While we’ve been critical of the Comcast/Time Warner Cable merger, the motivation behind that deal is clear: It would instantly add 10 million customers to Comcast’s bottom line and give the company control over cable/broadband access for the two largest markets in the country. The reasoning behind the less-scrutinized marriage of AT&T and DirecTV isn’t as cut-and-dry. [More]
A year after the combination potty/iPad stand took home an award for Worst Toy of the Year, an app from BabyFirst and AT&T U-Verse that your youngsters could use while pottying on last year’s winner has been crowned the worst for 2014. [More]
Cable and telecom companies love to sell you on the convenience and affordability of bundles combining phone, TV and Internet service onto one bill. But what they don’t tell you is that shedding that bundle could end up in a billing nightmare. [More]
Earlier this morning, AT&T U-Verse subscribers woke up to an alarming, unexplained Emergency Alert Message on their screens. Now the company is trying to shed a bit of light on what exactly happened. [More]
This morning, some AT&T U-Verse subscribers woke to an alarming message displayed on their TV screens declaring a vague emergency, without any mention of it being a test. [More]
Given that it’s only been on the airwaves since yesterday, you probably haven’t had a chance to check out Al Jazeera America, and if you’re an AT&T U-Verse customer, you can’t watch the new news channel because the cable company doesn’t carry it. However, Al Jazeera’s owners say AT&T is contractually obligated to carry the station and have filed a lawsuit to prove their point. [More]
Brie would like U-Verse service from AT&T. Well, that’s not quite true: she had DSL until five months ago, when she reports that the company disconnected it without notifying her first and said that they would be laying fiber and connecting her house soon. By “soon,” they meant “January.” Then they needed another six weeks. Six weeks later…well, that’s when she wrote to Consumerist, so you can guess how that turned out. AT&T isn’t really in a hurry to connect her to the Internet. [More]
Since yesterday afternoon, some people in various parts of the southeastern U.S. — and as far west as Texas — have been without AT&T U-Verse service. [More]
For the past few weeks, AT&T workers have been installing a new U-Verse box next to Consumerist reader TJ’s house. And while the company does have an easement that allows for one truck to pull up on the grass, he says they are ruining his lawn and getting him in trouble with the city. [More]
Tonya has had it. She makes a habit of contacting companies that send her junk mail and asking them to stop, because she’d rather not have anyone kill trees to tell her about products she didn’t want in the first place. Most companies have been very good about this, but there’s one notable exception. She’s been fighting with AT&T to be removed from the U-Verse mailing list for a year and a half now. They won’t leave her alone. She wrote to the CEO, who passed her on to her very own executive customer service representative. This person hasn’t been able to stop the mail, either.
AT&T U-Verse demonstrated great customer service when Trey needed a new receiver. They zipped a wireless one right out to him using UPS Next Day Air. It arrived on a Saturday. and Trey was quite impressed. He didn’t stay impressed, though. AT&T went to the expense of using Next Day Air while neglecting to notice that doing so was kind of useless, because AT&T wouldn’t be able to activate the new receiver until 8 P.M. on Tuesday. Oh, well, at least it was all installed three days early. [More]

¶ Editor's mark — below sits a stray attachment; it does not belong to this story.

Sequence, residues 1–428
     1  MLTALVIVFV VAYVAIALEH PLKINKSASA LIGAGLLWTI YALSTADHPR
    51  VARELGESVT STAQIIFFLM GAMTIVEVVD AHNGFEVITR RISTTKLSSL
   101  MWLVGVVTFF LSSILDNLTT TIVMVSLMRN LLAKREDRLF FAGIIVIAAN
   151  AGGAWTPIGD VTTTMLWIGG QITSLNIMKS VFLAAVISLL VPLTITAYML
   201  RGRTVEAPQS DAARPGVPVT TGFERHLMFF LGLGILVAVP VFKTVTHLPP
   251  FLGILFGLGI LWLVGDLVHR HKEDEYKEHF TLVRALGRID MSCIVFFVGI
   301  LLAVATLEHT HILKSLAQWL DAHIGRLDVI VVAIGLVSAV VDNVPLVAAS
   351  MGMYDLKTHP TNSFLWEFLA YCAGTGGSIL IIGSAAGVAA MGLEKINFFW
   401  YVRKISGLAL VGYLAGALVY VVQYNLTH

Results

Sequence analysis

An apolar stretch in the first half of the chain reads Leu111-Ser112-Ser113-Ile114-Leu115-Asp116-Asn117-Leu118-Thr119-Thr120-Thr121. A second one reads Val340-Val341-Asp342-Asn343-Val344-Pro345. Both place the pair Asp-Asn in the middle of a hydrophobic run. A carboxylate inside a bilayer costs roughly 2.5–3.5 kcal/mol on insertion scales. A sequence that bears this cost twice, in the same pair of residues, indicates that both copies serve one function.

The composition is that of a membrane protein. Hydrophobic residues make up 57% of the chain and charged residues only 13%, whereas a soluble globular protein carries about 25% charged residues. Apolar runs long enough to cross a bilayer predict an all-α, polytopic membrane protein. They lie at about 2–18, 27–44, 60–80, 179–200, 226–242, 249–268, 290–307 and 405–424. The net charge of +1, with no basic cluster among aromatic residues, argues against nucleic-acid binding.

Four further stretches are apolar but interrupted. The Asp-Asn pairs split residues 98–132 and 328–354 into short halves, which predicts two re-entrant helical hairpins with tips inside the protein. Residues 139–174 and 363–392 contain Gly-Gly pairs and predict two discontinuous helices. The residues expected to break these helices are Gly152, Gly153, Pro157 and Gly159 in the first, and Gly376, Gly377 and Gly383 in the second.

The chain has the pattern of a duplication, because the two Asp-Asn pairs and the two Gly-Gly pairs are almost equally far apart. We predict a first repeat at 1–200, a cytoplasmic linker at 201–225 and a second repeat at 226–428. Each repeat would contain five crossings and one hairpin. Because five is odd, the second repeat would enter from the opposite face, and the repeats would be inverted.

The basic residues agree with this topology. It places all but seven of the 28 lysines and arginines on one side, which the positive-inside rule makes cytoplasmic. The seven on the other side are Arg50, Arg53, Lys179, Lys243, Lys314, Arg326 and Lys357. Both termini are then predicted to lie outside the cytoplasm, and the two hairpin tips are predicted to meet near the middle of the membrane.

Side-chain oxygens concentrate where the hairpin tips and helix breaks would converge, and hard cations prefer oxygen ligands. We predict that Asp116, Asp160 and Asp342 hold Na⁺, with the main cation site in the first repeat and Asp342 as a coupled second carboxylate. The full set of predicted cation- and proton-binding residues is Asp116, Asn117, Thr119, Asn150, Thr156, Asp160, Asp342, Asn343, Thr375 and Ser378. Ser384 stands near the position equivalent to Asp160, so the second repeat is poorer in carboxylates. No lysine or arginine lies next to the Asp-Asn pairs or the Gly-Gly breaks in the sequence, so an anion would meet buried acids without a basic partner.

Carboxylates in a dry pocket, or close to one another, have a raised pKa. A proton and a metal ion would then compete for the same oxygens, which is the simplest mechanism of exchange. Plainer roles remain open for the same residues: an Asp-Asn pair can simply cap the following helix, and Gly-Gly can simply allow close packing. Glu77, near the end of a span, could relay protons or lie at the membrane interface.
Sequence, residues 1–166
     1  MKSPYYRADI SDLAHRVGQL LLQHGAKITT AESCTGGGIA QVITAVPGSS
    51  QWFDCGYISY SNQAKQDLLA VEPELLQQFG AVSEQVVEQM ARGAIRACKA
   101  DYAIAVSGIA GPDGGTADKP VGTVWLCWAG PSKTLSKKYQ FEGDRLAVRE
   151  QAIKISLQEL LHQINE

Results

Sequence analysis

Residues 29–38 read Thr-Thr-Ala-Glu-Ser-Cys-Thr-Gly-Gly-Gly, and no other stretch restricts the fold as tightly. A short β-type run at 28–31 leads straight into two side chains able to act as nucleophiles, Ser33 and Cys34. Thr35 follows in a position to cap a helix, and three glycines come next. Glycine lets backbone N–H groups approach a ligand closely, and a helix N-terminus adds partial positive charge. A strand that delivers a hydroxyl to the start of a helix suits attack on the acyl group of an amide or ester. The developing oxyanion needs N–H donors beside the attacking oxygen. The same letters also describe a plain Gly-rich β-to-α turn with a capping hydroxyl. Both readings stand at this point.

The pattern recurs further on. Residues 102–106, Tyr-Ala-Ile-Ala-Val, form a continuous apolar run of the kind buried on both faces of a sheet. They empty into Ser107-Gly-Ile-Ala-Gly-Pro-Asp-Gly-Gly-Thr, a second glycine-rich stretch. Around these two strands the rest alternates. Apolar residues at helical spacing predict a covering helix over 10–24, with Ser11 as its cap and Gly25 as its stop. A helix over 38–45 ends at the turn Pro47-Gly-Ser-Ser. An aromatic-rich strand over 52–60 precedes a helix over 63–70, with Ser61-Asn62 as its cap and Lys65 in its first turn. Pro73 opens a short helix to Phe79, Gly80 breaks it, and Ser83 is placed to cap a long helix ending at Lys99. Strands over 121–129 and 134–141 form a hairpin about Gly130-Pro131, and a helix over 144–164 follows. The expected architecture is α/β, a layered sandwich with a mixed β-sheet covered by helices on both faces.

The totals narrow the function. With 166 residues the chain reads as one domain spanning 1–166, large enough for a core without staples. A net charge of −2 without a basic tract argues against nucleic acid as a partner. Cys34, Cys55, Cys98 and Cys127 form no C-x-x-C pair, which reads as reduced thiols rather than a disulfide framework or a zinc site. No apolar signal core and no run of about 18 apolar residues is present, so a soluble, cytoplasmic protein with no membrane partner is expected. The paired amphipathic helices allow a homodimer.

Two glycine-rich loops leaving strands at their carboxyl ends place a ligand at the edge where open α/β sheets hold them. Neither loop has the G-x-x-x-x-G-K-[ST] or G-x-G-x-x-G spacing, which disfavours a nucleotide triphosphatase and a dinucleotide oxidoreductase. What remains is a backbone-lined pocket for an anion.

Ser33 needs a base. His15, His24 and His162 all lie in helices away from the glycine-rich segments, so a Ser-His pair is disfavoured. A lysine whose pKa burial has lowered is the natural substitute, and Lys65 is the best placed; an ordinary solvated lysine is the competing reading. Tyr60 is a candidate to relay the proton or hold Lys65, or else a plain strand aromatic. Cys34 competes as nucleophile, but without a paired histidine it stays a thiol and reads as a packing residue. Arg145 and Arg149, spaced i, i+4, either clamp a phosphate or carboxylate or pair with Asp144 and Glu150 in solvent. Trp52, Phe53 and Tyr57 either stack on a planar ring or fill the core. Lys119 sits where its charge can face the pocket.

Consumerist reader Thomas has been an AT&T U-Verse customer for about four years and says that whenever there has been a problem, the service techs have been prompt and friendly. But then he decided to make the mistake of moving to a new house only a few miles away, and now he’s trapped in the customer service Death Star.
Cameron moved recently, but not all that far away. Just to another apartment within the same building. Not so bad. He’s been an AT&T DSL customer for six years, but the Death Star wants to wean customers off DSL and get them onto U-Verse. Cameron was told that he couldn’t be reconnected to DSL down the hall, so he upgraded to U-Verse. Only the upgrade is more of a downgrade. To lower Internet speeds and static on the phone line.
Two telecom titans will step into the Worst Company gladiator pit this afternoon. One will walk out victorious while the other will end up stuck with a huge early termination fee.
After trying several times to get through to customer service to get her bill adjusted, reader C was finally connected to the right department. Problem was that no one was talking to her, but she could hear their personal conversations in the background. She then asked loudly through the receiver “Does anyone at AT&T care about the customer?” Allegedly, she heard back “**** you,” a laugh, and someone saying, “she can call all she wants, she’ll never get through.”
Citing low demand and a high cost, AT&T U-Verse has ditched ESPN 3D from its lineup. The move is yet another sign that 3D TV may not be the wave of the near future, as the expensive technology struggles to make headway in the marketplace.
Like suddenly cool again hypercolor shirts, AT&T has brought back another retro trend back from the dead – metered bandwidth with charges for overages. The ISP yesterday imposed a 150 GB a month cap on all DSL customers. If you go over it more than three times in your account lifetime, you will get a $10 charge for every 50 GB in excess. U-verse customers will have a 250 GB cap. Ah, nostalgia, it feels just like Compuserve all over again! So how do you go on a bandwidth diet?